“Maybe they’re being raised in a single-parent family, maybe their only experience of men is that they’re absent or abusive – my point is that they should be coming into contact with caring, empathetic, funny, supportive men while at nursery; learning how to create healthy and good relationships with them, as well as with women; and seeing role models of men and women working together in a professional capacity.”
There’s evidence, too, that men and women interact with children in subtly different and complementary ways.
“Women tend to be more nurturing and more protective of children while men can be more supportive of children developing their independence,” David explains.
“A balance of those two things provides for a better experience for children in terms of what activities are laid on for them, the types of interactions they have, and the language that they use.”
For settings, recruiting men can be easier said than done. Paint Pots Nurseries employs six men at present, David tells us, but admits that few apply for advertised positions. It’s true, too, that nursery owners and managers must always remain conscious of parents’ feelings.
“I’ve had incidences where someone has said to us, ‘I don’t want a man to change my child’s nappy’, particularly in the case of young girls,” David says.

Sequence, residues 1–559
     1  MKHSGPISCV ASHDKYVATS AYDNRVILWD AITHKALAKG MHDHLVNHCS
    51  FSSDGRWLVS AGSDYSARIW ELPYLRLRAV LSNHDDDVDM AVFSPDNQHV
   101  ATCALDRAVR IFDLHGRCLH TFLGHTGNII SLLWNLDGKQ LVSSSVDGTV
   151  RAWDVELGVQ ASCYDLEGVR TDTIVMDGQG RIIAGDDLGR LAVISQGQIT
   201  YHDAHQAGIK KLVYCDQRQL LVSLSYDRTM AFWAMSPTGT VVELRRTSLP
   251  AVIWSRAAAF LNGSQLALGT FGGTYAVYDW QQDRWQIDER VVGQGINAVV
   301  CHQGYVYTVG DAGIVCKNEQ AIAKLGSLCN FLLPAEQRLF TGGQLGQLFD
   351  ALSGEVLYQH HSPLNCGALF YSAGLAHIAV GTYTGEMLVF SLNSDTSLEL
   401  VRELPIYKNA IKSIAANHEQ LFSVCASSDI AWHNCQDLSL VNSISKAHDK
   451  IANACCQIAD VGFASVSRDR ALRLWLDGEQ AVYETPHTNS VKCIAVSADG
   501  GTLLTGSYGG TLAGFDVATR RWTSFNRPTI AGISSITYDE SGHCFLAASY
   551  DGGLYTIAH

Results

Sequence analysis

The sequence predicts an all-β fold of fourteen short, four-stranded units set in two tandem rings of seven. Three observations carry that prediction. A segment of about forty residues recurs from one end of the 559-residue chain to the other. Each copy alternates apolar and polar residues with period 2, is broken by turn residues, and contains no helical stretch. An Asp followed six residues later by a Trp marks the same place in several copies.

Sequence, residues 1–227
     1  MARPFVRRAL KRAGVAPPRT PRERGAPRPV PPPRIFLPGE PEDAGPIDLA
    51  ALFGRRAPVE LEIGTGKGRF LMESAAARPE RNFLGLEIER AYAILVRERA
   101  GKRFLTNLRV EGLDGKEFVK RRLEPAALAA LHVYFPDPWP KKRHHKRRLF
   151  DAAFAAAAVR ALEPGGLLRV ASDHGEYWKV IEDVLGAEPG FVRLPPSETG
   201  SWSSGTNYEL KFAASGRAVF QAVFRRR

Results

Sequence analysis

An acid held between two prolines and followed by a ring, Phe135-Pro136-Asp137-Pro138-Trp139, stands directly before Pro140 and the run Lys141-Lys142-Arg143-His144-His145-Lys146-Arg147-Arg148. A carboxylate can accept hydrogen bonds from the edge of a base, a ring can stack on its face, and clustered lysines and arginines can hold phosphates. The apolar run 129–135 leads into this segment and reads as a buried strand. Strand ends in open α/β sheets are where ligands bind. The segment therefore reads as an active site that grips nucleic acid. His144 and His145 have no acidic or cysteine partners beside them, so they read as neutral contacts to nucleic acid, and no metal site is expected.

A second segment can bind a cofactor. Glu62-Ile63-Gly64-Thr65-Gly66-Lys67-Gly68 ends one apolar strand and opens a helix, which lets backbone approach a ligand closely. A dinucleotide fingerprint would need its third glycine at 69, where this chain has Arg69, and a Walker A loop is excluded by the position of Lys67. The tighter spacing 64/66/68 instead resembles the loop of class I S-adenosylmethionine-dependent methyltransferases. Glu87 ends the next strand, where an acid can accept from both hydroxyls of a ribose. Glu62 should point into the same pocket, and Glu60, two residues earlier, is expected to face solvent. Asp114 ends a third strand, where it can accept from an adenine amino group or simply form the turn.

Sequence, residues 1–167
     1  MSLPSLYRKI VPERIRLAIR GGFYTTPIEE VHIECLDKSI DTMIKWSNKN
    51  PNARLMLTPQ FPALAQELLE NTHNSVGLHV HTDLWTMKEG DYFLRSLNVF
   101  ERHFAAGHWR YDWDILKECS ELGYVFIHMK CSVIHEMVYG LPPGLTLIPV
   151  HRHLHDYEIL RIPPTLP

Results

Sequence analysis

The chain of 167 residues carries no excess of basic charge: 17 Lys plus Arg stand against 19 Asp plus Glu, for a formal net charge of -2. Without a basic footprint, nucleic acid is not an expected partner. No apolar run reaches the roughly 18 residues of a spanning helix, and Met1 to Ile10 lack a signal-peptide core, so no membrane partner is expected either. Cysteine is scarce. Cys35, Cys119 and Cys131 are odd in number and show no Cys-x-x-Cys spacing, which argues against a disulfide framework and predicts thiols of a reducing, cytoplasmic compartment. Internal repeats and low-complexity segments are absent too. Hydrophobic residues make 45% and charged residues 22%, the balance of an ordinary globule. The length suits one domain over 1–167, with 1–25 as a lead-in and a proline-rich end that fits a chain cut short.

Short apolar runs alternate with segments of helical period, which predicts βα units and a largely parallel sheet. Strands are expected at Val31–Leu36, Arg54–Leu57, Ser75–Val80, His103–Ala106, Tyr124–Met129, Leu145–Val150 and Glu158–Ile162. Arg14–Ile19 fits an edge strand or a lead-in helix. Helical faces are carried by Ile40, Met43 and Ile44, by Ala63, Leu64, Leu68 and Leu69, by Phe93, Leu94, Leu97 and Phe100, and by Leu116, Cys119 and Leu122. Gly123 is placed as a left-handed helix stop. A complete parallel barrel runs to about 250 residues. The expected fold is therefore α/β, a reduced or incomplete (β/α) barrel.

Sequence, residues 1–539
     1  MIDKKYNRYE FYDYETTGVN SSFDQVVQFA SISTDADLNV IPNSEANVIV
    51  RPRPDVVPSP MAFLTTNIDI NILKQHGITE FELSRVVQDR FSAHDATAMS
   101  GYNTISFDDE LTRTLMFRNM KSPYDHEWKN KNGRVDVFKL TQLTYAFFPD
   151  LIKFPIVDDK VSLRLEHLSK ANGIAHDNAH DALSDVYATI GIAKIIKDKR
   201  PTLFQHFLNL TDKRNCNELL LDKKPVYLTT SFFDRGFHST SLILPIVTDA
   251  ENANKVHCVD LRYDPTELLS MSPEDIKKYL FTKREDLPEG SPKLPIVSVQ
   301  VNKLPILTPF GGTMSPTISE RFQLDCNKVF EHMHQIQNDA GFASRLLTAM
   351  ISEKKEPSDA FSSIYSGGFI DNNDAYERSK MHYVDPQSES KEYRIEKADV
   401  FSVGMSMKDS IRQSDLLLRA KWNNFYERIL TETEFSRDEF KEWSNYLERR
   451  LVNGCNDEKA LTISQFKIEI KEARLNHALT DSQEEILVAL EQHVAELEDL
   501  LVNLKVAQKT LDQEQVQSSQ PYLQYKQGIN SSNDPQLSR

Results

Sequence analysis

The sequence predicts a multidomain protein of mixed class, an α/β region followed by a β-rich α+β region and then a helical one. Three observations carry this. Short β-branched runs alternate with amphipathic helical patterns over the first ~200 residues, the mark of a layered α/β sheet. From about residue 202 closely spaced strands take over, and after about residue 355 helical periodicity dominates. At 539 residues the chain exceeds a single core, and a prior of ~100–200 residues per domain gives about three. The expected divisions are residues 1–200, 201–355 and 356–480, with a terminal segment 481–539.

“What you tend to find, though, is when people know the individual and have built a trusting relationship with them, the issue goes away – because it’s not any man, it’s Paul or John who’s working with my child, and my child thinks he’s a superhero and he’s okay.”
But David has no doubt that it’s worth persevering and putting the effort in, for all the reasons above and more.
“If you look at the general issues we’ve got over recruitment in early years at the moment, there’s an opportunity there, an untapped resource,” he says.
“It’s just a case of selling that to men. My view is that we should move away from job descriptions such ‘childcarers’ or ‘nursery nurses’, both of which have female connotations, and create a professional identity for early years teachers, both men and women.”
1 | Take action
“Put yourself out there as an ‘equal opportunities employer’, and build that culture within your organisation. It must come from the top – have the conversation with your team, talk to parents and actively pursue it; things won’t change unless people take action. Ask local schools and colleges to send you boys in work opportunity situations who they think might be suitable.”
2 | Reach out
“Ensure your advertising states that you’re looking for applications from men as well as women. Under equal opportunities legislation it’s possible to positively discriminate to get more men because they’re an underrepresented group. You’ve got to be cautious about the way you word these things – we tend to say, ‘Open to men and women’.”
3 | Be welcoming
“Think about the imagery you put out. Images of men already working in your organisation will make it more attractive to others who might want to apply. Also, consider what sort of reception applicants get when visiting your setting – does it look like somewhere men will be welcomed? It can be challenging for a man to come into a setting if everyone that works there is female.”
Men in Early Years Settings is available now.
Follow David on Twitter at @Mr_PaintPots.